Thursday, 27 March 2014

Managing Change Course

Last week I was in London on a three day managing change course.
My main reflection is thinking about the  Kubler Ross change curve: the course reminded me that different parts of the organisation / hierarchy are likely to be at different stages on the curve.
What does this mean for the day job?
When planning our process improvement training we need to think about the previous involvement in process improvement attendees have had (where are they on the curve?) and amend the training accordingly
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Other learning points were:
1. Kotter’s Change model (this is an 8 step process for managing change, based around understanding the need for change, how to make the change happen and how to sustain the changes) and how it may inform a process improvement project team - we need to address all 8 steps;
2. considering ‘profiling’ our project teams using Belbin or other model so that we can make best use of people’s strengths and skills;
3. Reviewing the history of change in our organisation: how it was communicated and rewarded, and the consequences of the change, will affect how people respond to change in our process improvement projects.



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This quote has stayed with me:
“If you want to build a ship, don’t drum up people together to collect the wood and don’t assign the tasks and work, but rather teach them to long for the endless immensity of the sea” Antoine de Saint-Exupery.
The work of the Process Improvement Unit (projects and training) needs to give people a vision of a better way of doing things and to demonstrate the benefits of continuous incremental change - make people yearn for change...


All in all quite varied training, with sufficient content to make the course interesting from a training perspective, yet with many practical uses for the day job. This week will be spent sharing some of these ideas with my colleagues - happy days.

Thursday, 13 March 2014

Selecting Projects for Improvement

People sometimes ask us how we select projects for improvement. Projects tend to be identified in three ways:
1. People come and talk to us about process problems, and this becomes a project initiation meeting. We then proceed to identify a project sponsor and scope the project.
2. Senior staff with responsibility for a specific area of work want to sponsor an improvement project in their area.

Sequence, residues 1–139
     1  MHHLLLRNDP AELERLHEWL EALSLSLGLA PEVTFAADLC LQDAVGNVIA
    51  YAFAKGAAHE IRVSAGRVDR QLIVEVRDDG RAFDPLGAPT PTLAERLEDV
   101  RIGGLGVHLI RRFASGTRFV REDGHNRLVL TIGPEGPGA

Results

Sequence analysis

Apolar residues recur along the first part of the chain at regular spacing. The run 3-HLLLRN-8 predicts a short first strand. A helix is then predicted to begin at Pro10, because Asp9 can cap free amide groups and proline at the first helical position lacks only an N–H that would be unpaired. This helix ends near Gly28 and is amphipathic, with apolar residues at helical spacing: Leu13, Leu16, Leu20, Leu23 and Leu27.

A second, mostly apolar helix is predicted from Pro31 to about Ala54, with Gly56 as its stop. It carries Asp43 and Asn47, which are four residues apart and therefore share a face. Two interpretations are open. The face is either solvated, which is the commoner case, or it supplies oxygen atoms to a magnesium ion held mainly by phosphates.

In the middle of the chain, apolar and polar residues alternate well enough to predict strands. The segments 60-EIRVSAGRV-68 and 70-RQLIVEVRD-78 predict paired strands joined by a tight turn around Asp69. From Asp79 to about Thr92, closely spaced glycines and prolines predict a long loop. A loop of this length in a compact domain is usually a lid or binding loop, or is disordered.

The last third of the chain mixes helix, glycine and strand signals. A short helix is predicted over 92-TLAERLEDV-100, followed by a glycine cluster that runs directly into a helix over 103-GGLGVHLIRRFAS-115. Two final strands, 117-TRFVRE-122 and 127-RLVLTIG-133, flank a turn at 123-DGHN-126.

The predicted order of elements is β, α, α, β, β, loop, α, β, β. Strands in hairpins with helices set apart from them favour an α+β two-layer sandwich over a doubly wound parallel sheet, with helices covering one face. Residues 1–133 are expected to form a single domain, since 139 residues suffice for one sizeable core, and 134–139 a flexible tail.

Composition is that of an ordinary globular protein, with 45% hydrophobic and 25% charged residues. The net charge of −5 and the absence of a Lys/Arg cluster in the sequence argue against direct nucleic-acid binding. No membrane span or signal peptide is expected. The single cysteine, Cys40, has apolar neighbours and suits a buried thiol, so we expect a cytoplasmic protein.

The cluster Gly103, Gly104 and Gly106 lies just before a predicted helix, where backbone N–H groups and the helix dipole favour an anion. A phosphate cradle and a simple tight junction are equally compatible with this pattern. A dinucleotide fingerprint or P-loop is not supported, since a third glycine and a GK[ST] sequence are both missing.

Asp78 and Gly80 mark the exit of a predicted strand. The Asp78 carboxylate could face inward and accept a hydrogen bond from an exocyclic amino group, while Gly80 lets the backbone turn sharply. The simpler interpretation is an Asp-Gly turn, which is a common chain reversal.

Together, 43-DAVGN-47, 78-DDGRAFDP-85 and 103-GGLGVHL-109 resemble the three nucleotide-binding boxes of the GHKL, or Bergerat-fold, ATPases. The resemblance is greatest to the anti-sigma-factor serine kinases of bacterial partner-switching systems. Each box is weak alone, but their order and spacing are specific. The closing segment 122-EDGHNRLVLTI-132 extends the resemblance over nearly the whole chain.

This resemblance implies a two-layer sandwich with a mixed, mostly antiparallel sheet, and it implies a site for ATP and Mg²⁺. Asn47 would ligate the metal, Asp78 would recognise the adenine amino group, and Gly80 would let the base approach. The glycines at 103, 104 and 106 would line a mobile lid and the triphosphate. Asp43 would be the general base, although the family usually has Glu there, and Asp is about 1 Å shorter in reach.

3. Observation - observing failure demand and errors, we chat to people and offer to work with them.
Identifying potential projects is just the start: lots of other factors are used to identify whether a project is appropriate for improvement. Firstly, it needs to be about process, so if there is a big policy change required, this needs consideration as to whether the policy change should happen before process improvement or in partnership. We also question whether the right process is in place, should we make it more effective and efficient or should it be replaced by something else eg do we look at the process for dealing with broken equipment or do we focus on a preventative maintenance system? Equally, if the project is only about systems development there are other routes people should follow.
Of equal importance is the people. Project sponsors play a key role in scoping a project and supporting the improvement activity, and it is very difficult to implement improvements without a supportive sponsor. The project team is also vital: getting the right people with appropriate end-to-end process knowledge. The team needs to be representative of the hierarchy, yet the numbers need to be manageable as a project team (otherwise the improvement event can become crowd control). Managers need to be supportive to allow people to be involved in process improvement, understanding that the team are empowered to make changes and allowing time for staff to undertake subsequent actions to improve processes (this can be time consuming, but it's the only way to reap the benefits of improvement).
Timing, sometimes it's just not the right time to improve a particular process either due to the academic cycle, external factors or likely staffing or structural changes. Sometimes, the opposite is a factor, all the stars are aligned and it's a good idea to to create space for improvement activity immediately. The likelihood of success can be critical when scheduling process improvement.
Another thing to think about is whether the improvement is strategically important to the institution. Of course if a process can easily be improved (sometimes called a 'just do it project') it's sensible to proceed, but ensuring that improvement activities support the strategy of the institution and are in line with KPIs is likely to reap greater rewards.
Once you have all of these things then the project scope is the next key factor. A clear manageable scope is essential, too big, the team will get caught up in problems and fixing everything will become impractical, too small or wrong scope risks wasting the team’s time, and missing opportunities for improvement.
In essence, it's really hard to get all the right ingredients to run a process improvement project. We're working on it, and learning all the time. It's really rewarding when we get it right, both for us, the project team and the greater benefits to the university. We would love to hear from other people about how they select and schedule improvement projects.